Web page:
INFANT OF A DIABETIC MOTHER
Globally, the number of people living with diabetes mellitus is expected to rise to 592 million by 2035 (Guariguata et al., 2014). Many mothers and infants will be impacted because every pregnancy complicated by maternal diabetes is a pregnancy at risk. Despite a benign history, insulin deficiency or resistance develops during pregnancy in some women. The prevalence of this condition, called gestational diabetes, is approximately 2% to 6% globally and as high as 9.2% in the United States (DeSisto, Kim, & Sharma, 2014; Mitanchez, Burguet, & Simeoni, 2014). In both diabetes mellitus and gestational diabetes, unstable and often excessive glucose levels are a defining characteristic and may be linked to adverse fetal and neonatal outcomes.
The infant of a diabetic mother (IDM) is at risk for numerous complications and requires careful monitoring during the early neonatal period. Two distinct clinical pictures present: the first is associated with overnutrition and the second with teratogenesis.
Gestational diabetes is a frequent clinical presentation in the pregnant woman and occurs when maternal glucose intolerance develops. The mother lacks sufficient functioning insulin and develops a persistent excess of her own serum glucose. The glucose-rich serum is perfused to the fetus, which results in fetal hyperglycemia. The fetus adapts by producing higher-than-normal levels of insulin in order to maintain fetal glucose levels within normal range. The fetus then converts and stores excess glucose as fat. The result is an overnourished, hyperinsulinemic, macrosomic infant. Complications associated with overnutrition and macrosomia include difficult labor, cephalo-pelvic disproportion, possible cesarean section, shoulder dystocia, birth trauma, hemorrhage, glucose instability, temperature instability, and respiratory distress in the first few days of life. For these neonates, unstable maternal insulin and glucose levels are associated with increased rates of perinatal asphyxia (Riskin & Garcia-Prats, 2016).
The second clinical presentation occurs when unrecognized or poorly controlled diabetes precedes pregnancy or complicates the early weeks of pregnancy. High serum glucose levels can be teratogenic during early fetal development and result in cardiovascular and neural malformations. These defects can lead to first-trimester loss, fetal demise, or serious congenital anomalies. Referred to as diabetic embryopathy, these complications are the direct result of pregestational diabetes (Hay, 2012; Riskin & Garcia-Prats, 2016). Pregnancy complicated by diabetes can lead to intrapartum complications, preterm birth, altered glucose metabolism, respiratory problems, and difficulty transitioning to extrauterine life (Mitanchez et al., 2015).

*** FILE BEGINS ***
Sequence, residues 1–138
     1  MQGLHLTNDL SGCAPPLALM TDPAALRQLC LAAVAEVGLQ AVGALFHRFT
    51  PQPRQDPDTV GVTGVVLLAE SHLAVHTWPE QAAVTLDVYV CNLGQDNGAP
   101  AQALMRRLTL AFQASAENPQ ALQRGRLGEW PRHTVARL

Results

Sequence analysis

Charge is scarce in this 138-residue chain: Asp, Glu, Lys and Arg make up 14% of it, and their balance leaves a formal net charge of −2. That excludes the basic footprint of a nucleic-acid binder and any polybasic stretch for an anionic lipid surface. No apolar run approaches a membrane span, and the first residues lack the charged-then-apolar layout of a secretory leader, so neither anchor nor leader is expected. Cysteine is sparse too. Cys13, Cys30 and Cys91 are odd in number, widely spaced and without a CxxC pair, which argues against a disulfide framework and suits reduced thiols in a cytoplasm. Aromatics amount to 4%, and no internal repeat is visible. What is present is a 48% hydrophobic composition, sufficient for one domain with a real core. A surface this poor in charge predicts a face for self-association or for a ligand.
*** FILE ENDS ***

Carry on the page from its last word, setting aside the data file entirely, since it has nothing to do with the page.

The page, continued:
A careful history, including family history of diabetes, mother’s health before and during this pregnancy as well as previous pregnancies (including birthweight of infants), are key to interpreting the clinical picture, evaluating risks, stabilizing glucose levels, and preventing complications.
Head-to-toe assessment by the bedside nurse will aid in identifying risks for complications in the IDM. Any infant with a birth weight greater than 90% on the growth chart for gestational age or greater than 4,000 g birth weight is classified as macrosomic and at risk for potential complications as an IDM (Hay, 2012; Riskin & Garcia-Prats, 2016).
NURSING INTERVENTIONS, MANAGEMENT, AND IMPLICATIONS
IDMs who present as macrosomic, overnourished, or hyperinsulinemic face many challenges requiring careful monitoring and support by nursing. Chief among these are low serum glucose concentrations; respiratory distress; electrolyte imbalances; polycythemia, cardiomegaly, and hyperbilirubinemia; temperature instability; feeding difficulties; and poor state regulation (Mitanchez et al., 2014; Riskin & Garcia-Prats, 2016).
Low blood glucose levels are an issue in the IDM. Accustomed to high-circulating serum glucose levels provided by the mother through the placenta, the IDM has become efficient in producing insulin to normalize blood glucose. After cutting the umbilical cord, the glucose supply from the mother is terminated resulting in glucose levels in the newborn to fall precipitously. As a result, the formerly adaptive elevated insulin levels also cause glucose levels to drop. Frequent glucose monitoring starting between 1 and 3 hours of life is necessary until levels stabilize. Serum glucose levels below 47 mg/dL are considered hypoglycemic and require intervention. However, thresholds vary by institutions (Sweet, Grayson, & Polak, 2013).
Early feedings help prevent or attenuate low serum glucose levels. Breastfeeding can be initiated in the delivery room and sustained through the early neonatal period. However, robust research to support this practice is not available (East, Dolan, & Forster, 2014